Ok thanks :) So my first attempt was correct. If I now calculate the probability to get 105 $(or more) profit for one book: $\int$ 2x-3 from 105 to ∞ -1(1/∞ - (10-10) = 10-10 So that's the probability for one book. There are 96 books which exceeded that amount of dollars. So the total probability for 96 books to profit over 105$ is 96 times the probability of one book?

P (96 books profit over 105 $) = 96*10-10 So now I calculate the probability to get 2*105$ (or more) profit for one book:

$\int$ 2x-3 from 2*105 to ∞

-1(1/∞ - (2*10-10) = 2*10-10

So the probability for x books to profit over 2*10-10 is x times the probability of one book:

P (x books profit over 2*105 $) = x*2*10-10 Is my calculations correct and if they are, what should I do now? Last edited: Ray Vickson Science Advisor Homework Helper Dearly Missed Ok thanks :) So my first attempt was correct. If I now calculate the probability to get 105$ (or more) profit for one book:

$\int$ 2x-3 from 105 to ∞

-1(1/∞ - (10-10) = 10-10

So that's the probability for one book. There are 96 books which exceeded that amount of dollars. So the total probability for 96 books to profit over 105 $is 96 times the probability of one book? P (96 books profit over 105$) = 96*10-10

So now I calculate the probability to get 2*105 $(or more) profit for one book: $\int$ 2x-3 from 2*105 to ∞ -1(1/∞ - (2*10-10) = 2*10-10 So the probability for x books to profit over 2*10-10 is x times the probability of one book: P (x books profit over 2*105$) = x*2*10-10

Is my calculations correct and if they are, what should I do now?

You have things exactly backwards. You start with some unknown number of books, say N. Some of these books have profit < 10^5, others have profit >= 10^5, etc. All you know is that among these N books, 96 of them have profit >= 10^5. You don't start with 96 books!

RGV

Last edited:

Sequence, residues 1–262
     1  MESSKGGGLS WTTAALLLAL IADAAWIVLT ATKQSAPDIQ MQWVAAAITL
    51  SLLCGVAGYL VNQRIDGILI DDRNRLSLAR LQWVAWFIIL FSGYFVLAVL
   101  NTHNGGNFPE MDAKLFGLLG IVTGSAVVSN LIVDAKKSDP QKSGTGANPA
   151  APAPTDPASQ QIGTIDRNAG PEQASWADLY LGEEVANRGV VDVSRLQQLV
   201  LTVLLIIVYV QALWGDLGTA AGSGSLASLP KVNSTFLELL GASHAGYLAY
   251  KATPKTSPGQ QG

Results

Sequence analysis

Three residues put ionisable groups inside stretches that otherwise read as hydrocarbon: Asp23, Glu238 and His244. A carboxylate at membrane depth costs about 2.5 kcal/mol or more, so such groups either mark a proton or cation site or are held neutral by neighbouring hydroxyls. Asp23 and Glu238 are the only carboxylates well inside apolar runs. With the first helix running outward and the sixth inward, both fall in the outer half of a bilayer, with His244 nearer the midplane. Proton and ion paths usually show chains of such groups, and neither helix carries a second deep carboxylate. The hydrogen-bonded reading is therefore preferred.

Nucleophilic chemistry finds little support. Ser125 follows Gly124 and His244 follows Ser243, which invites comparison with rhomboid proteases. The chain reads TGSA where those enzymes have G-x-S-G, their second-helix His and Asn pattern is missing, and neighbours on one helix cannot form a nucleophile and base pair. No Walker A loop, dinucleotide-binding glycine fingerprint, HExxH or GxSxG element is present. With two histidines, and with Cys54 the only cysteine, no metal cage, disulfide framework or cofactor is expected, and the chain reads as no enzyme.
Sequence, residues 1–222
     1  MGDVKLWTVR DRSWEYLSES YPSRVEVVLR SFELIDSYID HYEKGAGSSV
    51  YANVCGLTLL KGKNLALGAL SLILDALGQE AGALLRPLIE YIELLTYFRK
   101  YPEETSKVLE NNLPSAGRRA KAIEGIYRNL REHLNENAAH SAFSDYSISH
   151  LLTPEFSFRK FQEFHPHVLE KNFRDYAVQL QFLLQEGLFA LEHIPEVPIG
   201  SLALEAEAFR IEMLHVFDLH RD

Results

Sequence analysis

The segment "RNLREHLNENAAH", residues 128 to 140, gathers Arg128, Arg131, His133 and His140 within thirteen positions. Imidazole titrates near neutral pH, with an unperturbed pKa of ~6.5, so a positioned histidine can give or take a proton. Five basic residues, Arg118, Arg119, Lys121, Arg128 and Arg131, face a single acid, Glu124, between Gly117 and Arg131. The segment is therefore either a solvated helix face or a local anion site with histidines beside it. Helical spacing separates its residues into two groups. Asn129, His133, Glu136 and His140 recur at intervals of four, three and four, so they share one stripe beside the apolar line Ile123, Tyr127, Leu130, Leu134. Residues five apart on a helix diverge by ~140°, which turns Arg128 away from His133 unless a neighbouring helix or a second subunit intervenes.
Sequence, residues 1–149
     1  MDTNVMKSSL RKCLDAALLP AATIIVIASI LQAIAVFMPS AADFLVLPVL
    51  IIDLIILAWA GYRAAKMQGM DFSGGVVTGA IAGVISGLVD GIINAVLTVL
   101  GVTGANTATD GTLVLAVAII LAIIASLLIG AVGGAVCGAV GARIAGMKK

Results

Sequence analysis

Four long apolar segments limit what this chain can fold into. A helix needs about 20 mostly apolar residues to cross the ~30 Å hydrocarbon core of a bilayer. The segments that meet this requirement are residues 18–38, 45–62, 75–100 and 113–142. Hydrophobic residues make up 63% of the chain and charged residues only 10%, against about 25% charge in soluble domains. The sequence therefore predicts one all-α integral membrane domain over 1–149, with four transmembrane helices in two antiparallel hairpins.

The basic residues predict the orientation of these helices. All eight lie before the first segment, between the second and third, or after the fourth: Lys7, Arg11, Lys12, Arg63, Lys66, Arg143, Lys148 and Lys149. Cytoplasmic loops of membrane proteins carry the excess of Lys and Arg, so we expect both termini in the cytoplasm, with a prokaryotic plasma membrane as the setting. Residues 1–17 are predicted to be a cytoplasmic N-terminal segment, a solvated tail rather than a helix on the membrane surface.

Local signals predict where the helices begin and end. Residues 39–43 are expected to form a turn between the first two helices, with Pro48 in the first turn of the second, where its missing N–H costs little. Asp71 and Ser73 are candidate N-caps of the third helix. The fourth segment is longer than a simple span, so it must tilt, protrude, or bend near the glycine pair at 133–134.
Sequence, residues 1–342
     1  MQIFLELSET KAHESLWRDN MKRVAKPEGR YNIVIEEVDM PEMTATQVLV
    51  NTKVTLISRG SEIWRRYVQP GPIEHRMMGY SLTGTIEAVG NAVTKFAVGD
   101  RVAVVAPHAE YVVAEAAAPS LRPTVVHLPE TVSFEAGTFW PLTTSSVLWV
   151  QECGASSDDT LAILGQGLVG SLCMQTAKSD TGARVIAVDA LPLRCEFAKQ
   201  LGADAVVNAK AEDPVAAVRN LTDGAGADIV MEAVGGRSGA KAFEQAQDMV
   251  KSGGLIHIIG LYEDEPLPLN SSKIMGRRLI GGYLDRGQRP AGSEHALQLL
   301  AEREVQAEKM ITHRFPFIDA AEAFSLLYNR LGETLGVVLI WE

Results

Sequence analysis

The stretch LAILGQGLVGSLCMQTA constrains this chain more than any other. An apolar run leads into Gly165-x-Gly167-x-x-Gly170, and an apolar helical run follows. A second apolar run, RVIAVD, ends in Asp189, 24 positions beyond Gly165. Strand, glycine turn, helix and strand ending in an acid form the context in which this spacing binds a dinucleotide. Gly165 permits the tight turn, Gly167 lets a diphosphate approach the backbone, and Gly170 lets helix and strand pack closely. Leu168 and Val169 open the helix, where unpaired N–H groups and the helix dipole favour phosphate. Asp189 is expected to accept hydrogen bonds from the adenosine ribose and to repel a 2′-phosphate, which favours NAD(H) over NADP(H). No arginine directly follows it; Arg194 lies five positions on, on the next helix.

Hi,

I'm little confused what to do now. I know that 96 books profit over 10^5 but now I need to know how many books of these 96 profit over 2*10^5. How do I do that?

Finally I got an answer! I worked the problem with my friend and he told me think the density function as a "bookdensity" function. So his solution was like this:

First we try to find c

$\int$cx-3 from 10^5 to ∞ = 96

so -c/2 (1/∞ - 1/10^10 ) = 96

so c = 96*2*10^10

Now let's find the amount of books that profit over 2*10^5

$\int$(96*2*10^10)x-3 from 2*10^5 to ∞

-96*10^10 ( 1/∞ - 1/4*10^10) = 96/4 = 24

So 24 books profit over 200 k$That seems to be correct. How is your opinion? Ray Vickson Science Advisor Homework Helper Dearly Missed Finally I got an answer! I worked the problem with my friend and he told me think the density function as a "bookdensity" function. So his solution was like this: First we try to find c $\int$cx-3 from 10^5 to ∞ = 96 so -c/2 (1/∞ - 1/10^10 ) = 96 so c = 96*2*10^10 Now let's find the amount of books that profit over 2*10^5 $\int$(96*2*10^10)x-3 from 2*10^5 to ∞ -96*10^10 ( 1/∞ - 1/4*10^10) = 96/4 = 24 So 24 books profit over 200 k$

That seems to be correct. How is your opinion?

I think you should tell your friend to go back to the drawing board. The constant c is not 96*2*10^10; we already established before that c = 2, remember? I have also told you more-or-less what you need to do, but you have not been listening. I give up.

RGV